Category Archives: Blogs

The Blogs of PROpenMic :: Students, Faculty and Practitioners … Read ’em

Recently, to help promote the blogs of PROpenMic, I put out a call to all members. Share your blogs. We want people to find you and read what you’re interested in re: public relations.

Well, we got quite a response. Students, faculty and practitioners responded.

The list below represents the post I shared on the front page of PROpenMic. I hope you’ll go check them out, too. And, join PROpenMic if you haven’t already. We just crossed the 2,000 members mark and well on our way to 2,100 and beyond. Continue reading

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Quick Question :: Has EPIC come true?

More fragmentation of audiences seems to be taking place.

Just thinking out loud, here. What do you think.

Is a trend developing, or continuing? Does the trend sound familiar?

Techmeme tweets: “Key News Audiences Now Blend Online and Traditional Sources (Pew Research Center) http://tinyurl.com/5ghn9g”.

Is this an example of research that shows why all this stuph we’re doing in classes is important?

Key News Audiences Now Blend Online and Traditional Sources : Audience Segments in a Changing News Environment (Pew Internet Research).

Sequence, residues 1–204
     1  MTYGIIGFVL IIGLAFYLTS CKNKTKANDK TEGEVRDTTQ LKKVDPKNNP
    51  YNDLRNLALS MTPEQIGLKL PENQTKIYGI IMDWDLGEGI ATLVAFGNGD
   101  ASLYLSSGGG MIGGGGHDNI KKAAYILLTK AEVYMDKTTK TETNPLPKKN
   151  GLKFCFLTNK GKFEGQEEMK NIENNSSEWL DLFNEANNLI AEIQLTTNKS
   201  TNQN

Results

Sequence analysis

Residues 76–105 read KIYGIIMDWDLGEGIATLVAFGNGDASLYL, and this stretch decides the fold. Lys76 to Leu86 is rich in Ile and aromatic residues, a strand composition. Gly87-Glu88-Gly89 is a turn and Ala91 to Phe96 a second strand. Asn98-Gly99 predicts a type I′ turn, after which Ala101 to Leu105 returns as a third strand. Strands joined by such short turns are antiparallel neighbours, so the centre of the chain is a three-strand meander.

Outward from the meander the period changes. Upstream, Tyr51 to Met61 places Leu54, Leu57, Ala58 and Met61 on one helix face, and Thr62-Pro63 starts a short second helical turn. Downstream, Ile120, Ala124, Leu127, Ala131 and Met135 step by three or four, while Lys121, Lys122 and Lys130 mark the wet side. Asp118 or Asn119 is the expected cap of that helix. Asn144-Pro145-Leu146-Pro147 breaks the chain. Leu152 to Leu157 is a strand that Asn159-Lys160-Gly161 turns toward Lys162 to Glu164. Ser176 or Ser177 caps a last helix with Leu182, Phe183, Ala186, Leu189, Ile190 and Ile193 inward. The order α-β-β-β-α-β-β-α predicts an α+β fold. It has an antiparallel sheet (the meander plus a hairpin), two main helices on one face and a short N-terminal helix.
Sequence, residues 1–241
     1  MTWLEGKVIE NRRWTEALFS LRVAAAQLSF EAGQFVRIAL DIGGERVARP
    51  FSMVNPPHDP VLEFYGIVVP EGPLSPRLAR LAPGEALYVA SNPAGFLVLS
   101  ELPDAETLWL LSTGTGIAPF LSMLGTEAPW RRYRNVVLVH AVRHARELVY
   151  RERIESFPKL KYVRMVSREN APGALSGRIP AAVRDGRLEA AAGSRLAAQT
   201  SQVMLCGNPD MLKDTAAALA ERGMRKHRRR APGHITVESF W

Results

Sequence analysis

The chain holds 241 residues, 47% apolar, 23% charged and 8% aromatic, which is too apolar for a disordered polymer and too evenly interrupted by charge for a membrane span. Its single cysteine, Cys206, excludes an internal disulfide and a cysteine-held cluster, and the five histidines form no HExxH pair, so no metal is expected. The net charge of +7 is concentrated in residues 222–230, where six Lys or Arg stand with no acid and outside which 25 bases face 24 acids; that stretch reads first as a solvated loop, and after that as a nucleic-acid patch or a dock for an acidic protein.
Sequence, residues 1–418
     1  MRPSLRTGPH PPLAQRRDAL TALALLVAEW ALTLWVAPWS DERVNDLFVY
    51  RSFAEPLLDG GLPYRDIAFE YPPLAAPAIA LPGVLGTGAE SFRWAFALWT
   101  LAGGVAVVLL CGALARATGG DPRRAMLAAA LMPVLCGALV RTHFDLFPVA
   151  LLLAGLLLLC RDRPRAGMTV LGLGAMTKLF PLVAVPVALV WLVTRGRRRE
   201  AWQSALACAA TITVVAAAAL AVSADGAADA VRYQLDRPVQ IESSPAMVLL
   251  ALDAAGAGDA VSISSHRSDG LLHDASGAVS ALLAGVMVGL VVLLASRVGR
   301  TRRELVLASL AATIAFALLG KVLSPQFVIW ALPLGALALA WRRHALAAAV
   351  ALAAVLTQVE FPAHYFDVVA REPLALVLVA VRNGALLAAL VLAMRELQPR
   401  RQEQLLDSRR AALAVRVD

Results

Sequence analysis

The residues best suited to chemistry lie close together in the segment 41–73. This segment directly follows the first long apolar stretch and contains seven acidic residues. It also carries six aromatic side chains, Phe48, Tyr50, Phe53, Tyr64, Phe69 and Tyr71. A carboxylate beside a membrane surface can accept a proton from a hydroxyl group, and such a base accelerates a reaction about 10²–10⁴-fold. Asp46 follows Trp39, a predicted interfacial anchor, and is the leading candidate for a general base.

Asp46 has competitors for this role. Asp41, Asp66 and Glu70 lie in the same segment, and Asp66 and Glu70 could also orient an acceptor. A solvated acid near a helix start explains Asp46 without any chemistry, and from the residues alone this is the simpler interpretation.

And, a question. Has Epic come true? Just askin’.

FlackLife Reveals Foolish Astroturfing Campaign from Hunter College and Coach Handbags

Definition of astroturfing:

Astroturfing refers to marketing / public relations campaigns which attempt to create the impression of being spontaneous and true, genuine (and representations of *real* people and their opinions) when, in fact, they are not. In all of the standards of practice listed below, this practice is considered to be unethical.

Astroturfing is an interesting topic. I see PR practitioners that defend it as a valuable tool. Others decry it as unethical and bad practice. I’ll place myself in the latter group.

FlackLife blogger, Bob LeDrew, has the story in two posts so far. They are “Now we flacks get students to astroturf for us” and an interview with Hunter College faculty member and “PR expert Stuart Ewen on (the) ‘Heidi Cee’” astroturf blogging, social networks and YouTube video fiasco.

This example from Hunter College and Coach goes beyond simple astroturfing, though. This involves the following (Sources: here and here):

I simply cannot imagine a more definitive example of bad practice than this case. The interference by the president, the campaign tied to a donation to the college, the creation of a course solely to accomplish the deceit, the students (it seems) happily joining in, the faculty and department chair encouraging them along … it just boggles the mind. How stupid can these people be?

Read the links, watch the video. Fake vs. Fakes | Center for Media and Democracy. What do you think of all this? I’ve already seen two PR practitioners in a listserv group defend the practice. Oh, brother.

Update: Ya’ gotta read this great post by Clemson’s Dr. Mihaela Vorvoreanu. In particular, see the class blog she came across for the course. Yikes!